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  8. ^ Crory, Neil (2005) "Recommended CD Recordings: Puccini: Angela Gheorghiu" Opera Canada 46(2): p. 47
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  10. ^ Roméo et Juliet on IMDb
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  50. ^ Angela Gheorghiu won Classical Brit Award in 2010 Archived December 31, 2010, at the Wayback Machine
  51. ^ 2002 Grammy Nominees Archived September 12, 2008, at the Wayback Machine, Grammy Award Spotlight, CNN. Note that the Grammy awards recognize accomplishments by musicians from the previous year.
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  74. ^ "que quiere expresar sus fantasías, olvidándose de los personajes. A veces, lo que se representa en el escenario va en contra de la historia y de la música." in Susana Gaviña, «Yo tengo el control en la ópera», ABC, May 18, 2007. Retrieved 3 June 2008.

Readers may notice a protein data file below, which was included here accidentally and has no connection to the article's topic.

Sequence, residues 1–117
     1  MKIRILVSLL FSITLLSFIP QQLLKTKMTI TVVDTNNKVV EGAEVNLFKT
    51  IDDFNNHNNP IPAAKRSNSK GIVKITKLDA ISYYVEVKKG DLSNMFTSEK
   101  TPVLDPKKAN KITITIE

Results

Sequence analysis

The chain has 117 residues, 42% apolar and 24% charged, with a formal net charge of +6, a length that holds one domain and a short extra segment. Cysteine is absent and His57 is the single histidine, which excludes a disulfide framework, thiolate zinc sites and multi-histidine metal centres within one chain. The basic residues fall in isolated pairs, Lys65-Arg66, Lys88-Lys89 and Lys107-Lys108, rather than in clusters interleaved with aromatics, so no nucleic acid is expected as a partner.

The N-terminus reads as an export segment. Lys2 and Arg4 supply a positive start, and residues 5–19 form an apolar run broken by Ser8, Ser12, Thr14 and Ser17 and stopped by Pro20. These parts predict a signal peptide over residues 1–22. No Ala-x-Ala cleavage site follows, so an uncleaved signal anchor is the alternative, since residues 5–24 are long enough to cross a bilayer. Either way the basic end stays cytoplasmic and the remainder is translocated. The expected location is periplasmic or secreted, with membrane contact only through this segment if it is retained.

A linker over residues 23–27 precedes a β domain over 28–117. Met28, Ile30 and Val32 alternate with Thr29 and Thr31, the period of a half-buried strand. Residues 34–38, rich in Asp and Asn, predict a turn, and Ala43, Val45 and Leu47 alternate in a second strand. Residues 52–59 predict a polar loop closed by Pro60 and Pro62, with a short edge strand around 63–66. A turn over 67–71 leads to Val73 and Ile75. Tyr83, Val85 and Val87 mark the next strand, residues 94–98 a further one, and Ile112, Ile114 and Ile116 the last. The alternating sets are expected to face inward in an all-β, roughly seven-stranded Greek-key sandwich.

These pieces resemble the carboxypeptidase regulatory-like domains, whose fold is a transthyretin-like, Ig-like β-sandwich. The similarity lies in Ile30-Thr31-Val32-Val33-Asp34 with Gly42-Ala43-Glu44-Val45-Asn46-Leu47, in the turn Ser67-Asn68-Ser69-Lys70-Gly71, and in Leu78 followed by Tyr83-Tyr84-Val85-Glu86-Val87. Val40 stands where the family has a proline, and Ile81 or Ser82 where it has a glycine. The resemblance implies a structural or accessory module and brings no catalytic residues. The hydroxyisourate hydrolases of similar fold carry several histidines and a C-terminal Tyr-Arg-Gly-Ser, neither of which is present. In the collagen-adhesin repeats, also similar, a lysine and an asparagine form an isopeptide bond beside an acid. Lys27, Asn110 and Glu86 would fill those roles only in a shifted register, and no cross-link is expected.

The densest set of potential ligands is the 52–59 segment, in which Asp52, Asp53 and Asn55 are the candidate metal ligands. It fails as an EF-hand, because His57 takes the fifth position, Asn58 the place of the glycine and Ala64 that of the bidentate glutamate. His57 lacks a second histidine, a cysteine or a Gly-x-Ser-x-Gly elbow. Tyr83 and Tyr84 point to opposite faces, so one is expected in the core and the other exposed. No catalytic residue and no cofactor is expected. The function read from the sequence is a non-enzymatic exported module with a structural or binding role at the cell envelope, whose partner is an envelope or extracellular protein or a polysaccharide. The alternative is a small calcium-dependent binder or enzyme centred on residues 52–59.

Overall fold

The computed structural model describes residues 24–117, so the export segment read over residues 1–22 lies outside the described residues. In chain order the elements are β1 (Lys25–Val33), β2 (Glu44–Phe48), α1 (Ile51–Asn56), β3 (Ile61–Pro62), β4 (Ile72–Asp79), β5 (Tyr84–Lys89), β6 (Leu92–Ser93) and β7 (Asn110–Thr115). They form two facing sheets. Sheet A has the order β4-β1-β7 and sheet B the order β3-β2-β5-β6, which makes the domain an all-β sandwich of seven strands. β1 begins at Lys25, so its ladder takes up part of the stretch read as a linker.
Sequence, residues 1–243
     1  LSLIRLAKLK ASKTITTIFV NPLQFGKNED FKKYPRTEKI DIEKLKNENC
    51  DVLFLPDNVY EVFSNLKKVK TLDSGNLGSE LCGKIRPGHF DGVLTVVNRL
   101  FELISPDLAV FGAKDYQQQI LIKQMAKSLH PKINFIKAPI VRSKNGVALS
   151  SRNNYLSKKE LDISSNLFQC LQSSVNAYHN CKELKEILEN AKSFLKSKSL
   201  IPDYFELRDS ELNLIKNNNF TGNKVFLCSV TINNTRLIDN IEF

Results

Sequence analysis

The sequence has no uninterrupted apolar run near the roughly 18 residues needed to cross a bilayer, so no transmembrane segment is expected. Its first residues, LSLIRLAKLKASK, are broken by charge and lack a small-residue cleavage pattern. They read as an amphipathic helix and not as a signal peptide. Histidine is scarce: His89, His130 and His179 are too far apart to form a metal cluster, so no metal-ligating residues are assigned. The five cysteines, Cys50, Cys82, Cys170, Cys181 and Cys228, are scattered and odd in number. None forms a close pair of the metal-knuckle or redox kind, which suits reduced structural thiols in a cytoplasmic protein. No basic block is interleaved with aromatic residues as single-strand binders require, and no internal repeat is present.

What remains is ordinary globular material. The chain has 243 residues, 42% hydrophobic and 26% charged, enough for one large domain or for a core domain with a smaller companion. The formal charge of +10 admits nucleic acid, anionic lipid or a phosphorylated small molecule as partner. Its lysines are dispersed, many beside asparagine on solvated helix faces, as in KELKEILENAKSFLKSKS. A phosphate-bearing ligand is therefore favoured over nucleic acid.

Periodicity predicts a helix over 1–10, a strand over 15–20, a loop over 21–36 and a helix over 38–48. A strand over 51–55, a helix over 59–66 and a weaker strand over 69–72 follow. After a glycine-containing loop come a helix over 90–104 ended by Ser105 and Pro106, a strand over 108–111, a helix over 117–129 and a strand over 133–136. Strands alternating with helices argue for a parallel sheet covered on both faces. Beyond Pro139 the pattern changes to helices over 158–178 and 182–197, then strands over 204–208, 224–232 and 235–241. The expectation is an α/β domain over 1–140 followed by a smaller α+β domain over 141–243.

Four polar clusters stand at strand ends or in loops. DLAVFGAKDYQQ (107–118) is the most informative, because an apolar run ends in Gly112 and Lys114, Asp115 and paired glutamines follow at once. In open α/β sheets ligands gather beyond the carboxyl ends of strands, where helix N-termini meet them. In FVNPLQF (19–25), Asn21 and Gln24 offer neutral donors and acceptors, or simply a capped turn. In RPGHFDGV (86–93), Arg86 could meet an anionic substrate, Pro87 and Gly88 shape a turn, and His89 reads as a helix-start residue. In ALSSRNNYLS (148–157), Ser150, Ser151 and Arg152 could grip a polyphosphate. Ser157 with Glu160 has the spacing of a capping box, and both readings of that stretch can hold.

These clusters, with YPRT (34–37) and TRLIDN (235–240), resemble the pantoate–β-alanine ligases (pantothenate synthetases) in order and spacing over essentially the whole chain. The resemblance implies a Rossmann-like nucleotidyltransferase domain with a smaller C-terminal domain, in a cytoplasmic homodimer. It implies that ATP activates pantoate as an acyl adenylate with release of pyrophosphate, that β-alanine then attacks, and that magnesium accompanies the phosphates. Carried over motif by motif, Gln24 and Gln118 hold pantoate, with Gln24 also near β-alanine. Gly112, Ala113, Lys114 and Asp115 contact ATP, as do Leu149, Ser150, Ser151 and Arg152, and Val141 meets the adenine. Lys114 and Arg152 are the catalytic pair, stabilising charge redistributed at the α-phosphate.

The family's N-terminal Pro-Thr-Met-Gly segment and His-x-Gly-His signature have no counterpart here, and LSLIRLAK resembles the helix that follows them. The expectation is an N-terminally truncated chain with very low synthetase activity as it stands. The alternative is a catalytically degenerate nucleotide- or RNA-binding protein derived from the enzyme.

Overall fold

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  84. ^ Lutaud, Léna (8 October 2009). "Roberto Alagna et Angela Gheorghiu se séparent". Le Figaro. Retrieved 8 October 2009.
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  86. ^ "Soprana Angela Gheorghiu nu mai divorţează" [Soprano Angela Gheorghiu no longer divorces] (in Romanian). Antena 3. 12 December 2009.
  87. ^ Grant, Brigit (13 March 2011). "Diva Angela Gheorghiu is a Little Angel". Daily Express.